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Losing The “Newbie” Tag

Getting used to the Linux way of doing things will take some time. If you want to get there faster, here are some shortcuts for learning Linux in record time 11 Shortcuts For Learning Linux In Record Time 11 Shortcuts For Learning Linux In Record Time If you'd like to learn Linux, but want some ways to speed up the process, here are ten shortcuts you can use to learn as fast as possible. Read More .

You can sidestep major problems and feel at home in the Linux environment with the steps listed above. Someday in the future, when you’re reading about rookie Linux mistakes 10 Mistakes That Make You Sound Like a Rookie Linux User 10 Mistakes That Make You Sound Like a Rookie Linux User How can you tell when you're not a Linux rookie anymore? Check out these mistakes rookies make, and see if you've made any of them recently. If you have, don't worry! Read More you’ll realize that you don’t make any of them. That’s how far you have progressed!

What’s the biggest problem you’re facing as a new Linux user? Share it in the comments section. Maybe we or one of our readers can help you fix it.

  1. Khauf Fadlilah
    May 25, 2015 at 2:23 pm

    I've already install Elementary Luna before to Linux mint, arch linux & Ka-OS (really extremely for newbie), Ubuntu than back to Elementary OS Freya. I have problem on Luna when my wifi and LAN can't connected, than on Elementary OS Freya its all fix (yey! Love it). And now I love Linux Distro :) maybe any advice for me as a newbie user?

  2. blue4meridian
    May 4, 2015 at 4:28 am

    IMHO... Porteus is a winner. It's fast... secure and feature rich.
    It is basically an OS that can make an OS.

  3. dragonmoyth
    March 29, 2015 at 3:21 pm

    Another rule to live by:
    Don't listen to the Linux naysayers. ANY O/S, even Windows, takes some time to learn. Nobody is born knowing an O/S.

  4. Jay
    March 21, 2015 at 11:40 am

    I'm recently Linux+ certified, but still used that "other OS"....Until now. I got a nasty virus (that is STILL not completely cleaned out....) while deployed, and switched. DEFINITELY agree with do your homework and pick the right distro. I landed on Elementary as well, and absolutely love it. It is clean, fast and straight forward, and has the infinite support of Ubuntu (without the annoying Unity desktop). I still have a Win7 partition, because there are a few things it's just easier to do in Windows. but, every time I load it, it takes bout 30 seconds to have me cursing at my screen, and waiting to reboot. Great advice!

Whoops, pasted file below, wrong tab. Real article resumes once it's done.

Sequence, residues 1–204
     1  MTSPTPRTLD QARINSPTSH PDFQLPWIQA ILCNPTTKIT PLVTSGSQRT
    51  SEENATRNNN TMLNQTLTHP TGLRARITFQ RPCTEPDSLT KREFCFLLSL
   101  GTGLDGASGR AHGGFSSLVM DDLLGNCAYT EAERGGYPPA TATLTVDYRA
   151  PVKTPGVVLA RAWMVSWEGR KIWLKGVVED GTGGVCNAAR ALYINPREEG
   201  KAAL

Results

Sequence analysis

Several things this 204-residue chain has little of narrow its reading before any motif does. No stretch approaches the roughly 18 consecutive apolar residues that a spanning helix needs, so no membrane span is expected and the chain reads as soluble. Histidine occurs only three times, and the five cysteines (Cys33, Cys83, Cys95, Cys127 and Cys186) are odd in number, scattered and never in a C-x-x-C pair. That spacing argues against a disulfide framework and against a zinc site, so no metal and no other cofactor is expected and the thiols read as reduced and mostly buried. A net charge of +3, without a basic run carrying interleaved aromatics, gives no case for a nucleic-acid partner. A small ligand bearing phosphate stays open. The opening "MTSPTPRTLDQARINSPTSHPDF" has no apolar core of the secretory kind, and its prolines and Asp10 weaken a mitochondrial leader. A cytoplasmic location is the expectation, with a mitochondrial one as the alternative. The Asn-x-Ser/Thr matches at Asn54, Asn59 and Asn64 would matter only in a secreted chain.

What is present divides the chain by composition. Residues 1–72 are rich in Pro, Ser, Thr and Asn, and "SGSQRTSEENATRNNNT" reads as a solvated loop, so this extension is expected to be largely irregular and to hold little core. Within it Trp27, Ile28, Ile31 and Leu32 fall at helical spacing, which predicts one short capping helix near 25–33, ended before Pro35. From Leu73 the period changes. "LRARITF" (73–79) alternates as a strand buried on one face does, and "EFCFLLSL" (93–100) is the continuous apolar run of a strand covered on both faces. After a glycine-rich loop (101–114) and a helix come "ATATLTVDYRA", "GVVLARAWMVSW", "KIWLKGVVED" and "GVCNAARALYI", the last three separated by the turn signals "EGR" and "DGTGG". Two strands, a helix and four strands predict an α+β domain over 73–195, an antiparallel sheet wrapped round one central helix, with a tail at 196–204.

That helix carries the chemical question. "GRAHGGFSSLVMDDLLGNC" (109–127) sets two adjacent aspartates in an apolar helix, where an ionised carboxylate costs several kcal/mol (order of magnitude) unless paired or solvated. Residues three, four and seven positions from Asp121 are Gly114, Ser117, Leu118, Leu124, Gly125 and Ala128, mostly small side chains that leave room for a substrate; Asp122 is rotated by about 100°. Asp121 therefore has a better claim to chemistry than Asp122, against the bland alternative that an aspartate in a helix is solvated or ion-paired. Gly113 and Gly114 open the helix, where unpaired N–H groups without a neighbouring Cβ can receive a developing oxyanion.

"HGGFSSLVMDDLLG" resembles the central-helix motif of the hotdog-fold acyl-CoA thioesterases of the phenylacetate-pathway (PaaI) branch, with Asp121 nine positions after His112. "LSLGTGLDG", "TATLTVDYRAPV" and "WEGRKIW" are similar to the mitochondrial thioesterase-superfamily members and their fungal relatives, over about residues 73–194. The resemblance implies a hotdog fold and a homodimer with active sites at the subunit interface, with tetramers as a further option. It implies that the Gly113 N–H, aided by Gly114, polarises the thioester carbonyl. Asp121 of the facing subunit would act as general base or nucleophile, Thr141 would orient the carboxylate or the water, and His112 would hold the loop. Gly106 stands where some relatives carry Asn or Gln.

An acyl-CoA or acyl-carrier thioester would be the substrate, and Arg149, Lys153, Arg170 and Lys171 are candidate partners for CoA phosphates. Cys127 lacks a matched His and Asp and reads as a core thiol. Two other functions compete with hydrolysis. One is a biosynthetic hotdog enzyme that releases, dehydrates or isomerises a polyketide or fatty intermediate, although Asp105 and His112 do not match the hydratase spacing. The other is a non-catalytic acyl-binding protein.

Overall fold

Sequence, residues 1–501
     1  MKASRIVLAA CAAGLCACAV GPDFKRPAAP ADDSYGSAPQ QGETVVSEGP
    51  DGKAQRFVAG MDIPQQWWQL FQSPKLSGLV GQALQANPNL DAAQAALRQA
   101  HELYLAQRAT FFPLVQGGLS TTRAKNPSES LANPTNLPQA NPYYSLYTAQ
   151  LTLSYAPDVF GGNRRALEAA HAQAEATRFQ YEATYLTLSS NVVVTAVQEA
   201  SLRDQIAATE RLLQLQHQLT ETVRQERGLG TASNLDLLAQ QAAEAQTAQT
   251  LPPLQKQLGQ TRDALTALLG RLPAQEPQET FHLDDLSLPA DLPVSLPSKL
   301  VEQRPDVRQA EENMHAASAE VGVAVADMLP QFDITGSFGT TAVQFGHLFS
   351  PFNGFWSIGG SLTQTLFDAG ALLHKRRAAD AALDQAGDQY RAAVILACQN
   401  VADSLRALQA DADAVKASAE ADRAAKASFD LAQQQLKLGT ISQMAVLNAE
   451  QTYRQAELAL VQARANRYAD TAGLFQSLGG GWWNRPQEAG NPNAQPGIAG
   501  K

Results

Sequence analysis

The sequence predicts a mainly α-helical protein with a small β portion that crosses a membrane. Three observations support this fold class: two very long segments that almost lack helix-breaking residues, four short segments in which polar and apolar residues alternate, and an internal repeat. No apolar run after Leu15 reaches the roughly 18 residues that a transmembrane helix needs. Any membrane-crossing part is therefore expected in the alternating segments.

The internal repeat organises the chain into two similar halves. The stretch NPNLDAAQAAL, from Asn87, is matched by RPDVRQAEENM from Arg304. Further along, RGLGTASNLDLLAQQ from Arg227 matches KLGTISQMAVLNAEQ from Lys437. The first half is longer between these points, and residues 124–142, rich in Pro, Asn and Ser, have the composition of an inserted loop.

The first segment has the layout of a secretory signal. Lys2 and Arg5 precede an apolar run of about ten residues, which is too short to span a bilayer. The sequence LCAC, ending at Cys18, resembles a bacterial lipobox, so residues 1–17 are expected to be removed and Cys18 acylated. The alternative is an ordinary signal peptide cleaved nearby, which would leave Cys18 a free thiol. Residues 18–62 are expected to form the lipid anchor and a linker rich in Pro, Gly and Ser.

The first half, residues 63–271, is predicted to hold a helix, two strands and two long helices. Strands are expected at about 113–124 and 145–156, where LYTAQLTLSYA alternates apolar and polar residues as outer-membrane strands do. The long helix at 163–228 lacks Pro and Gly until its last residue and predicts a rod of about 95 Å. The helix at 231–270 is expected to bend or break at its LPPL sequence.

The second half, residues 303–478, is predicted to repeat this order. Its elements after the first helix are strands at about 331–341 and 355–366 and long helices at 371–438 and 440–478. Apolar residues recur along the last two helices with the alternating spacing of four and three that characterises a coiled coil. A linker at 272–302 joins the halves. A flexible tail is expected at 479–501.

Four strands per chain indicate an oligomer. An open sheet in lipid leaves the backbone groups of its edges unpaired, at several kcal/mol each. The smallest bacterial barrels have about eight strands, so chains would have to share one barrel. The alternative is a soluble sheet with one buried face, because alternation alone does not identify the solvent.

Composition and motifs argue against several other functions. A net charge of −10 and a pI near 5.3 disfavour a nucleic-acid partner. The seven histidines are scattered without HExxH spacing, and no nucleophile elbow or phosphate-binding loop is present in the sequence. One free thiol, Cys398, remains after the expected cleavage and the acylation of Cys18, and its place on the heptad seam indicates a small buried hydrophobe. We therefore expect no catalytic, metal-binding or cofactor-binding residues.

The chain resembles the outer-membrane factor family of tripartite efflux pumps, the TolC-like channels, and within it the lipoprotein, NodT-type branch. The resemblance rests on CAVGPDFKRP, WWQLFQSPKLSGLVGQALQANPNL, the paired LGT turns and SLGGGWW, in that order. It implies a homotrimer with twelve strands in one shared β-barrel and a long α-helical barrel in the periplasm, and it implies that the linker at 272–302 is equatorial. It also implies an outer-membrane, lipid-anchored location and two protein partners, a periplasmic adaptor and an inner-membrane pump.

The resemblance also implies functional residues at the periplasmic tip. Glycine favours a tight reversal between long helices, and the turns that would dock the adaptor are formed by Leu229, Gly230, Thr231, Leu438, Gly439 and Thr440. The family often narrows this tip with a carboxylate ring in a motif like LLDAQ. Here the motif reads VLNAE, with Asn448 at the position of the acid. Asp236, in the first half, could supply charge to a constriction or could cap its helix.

• Akshata
      March 22, 2015 at 2:19 am

      Thank you, Jay :) which other distros did you try before going with Elementary? What didn't you like about them?

    • Jay
      March 22, 2015 at 10:07 am

      Ultimately, my problem is that I'm lazy. LOL I tried Ubuntu, but can't stand Unity. I tried Lubuntu, but networking was more work than I wanted to do. I tried Suse, and it was ok. I tried Fedora, same. I tried Mint, and it was ok. I've tried Mandrake (and now Mandriva), same...ok. Several other Ubuntu based (Like Zorin). Puppy. (I really like the idea of Puppy, but as I said...I'm lazy.) PCLinuxOS (Liked the look, but it ran slow on my hardware.) I'm eagerly awaiting the Simplicity team getting a 64 bit version rolling. (as it's based on Puppy, which again..I like.) At the end of it, I stuck on Elementary because it's clean, fast, and easy to configure and use. 95% of everything I do worked immediately after install. The (literally) four things I've had to configure were easy sudo commands. The (maybe) five programs that were not in the Ubuntu software center were easily installed, with directions online. (Skype, for example.) I absolutely love how they handled the Applications menu. no bells, no whistles. Just does what it is supposed to do, without any extra overhead. Been running Freya for almost a month, and unless Simplicity blows me away, I'll likely be an Elementary guy for a long time. I've even told the wife (who doesn't like Linux, because it's "different" and "hard") that I have one I like, and will likely keep it loaded when I get home. (And, have the tools to rebuild a hard drive properly.) I could not recommend Elementary highly enough for anyone that wants to leave the proprietary OS world behind. When I get home, I'll have my desktop in Windows, as we use it for gaming, and I'm too lazy to sort out PlayOn and WINE. But, my laptop, which is used almost exclusively for email/facebook/Skype/etc....Will stay Elementary, in all likelihood. (And, I'll probably reformat, and remove the Win7 partition I have on it now, when I have other ways to do things that require Windows.) Later!

    • Akshata
      March 23, 2015 at 3:19 pm

      Wow, that's quite a few distros you have tried. I have been meaning to try Simplicity as well, but eOS has been working so well, I'm in no hurry to experiment.

  5. George Monroe
    March 19, 2015 at 1:42 am

    I am absolutely not smart enough for for Linux but I have played with it for years and now I have had Linux mint for a daily driver for awhile.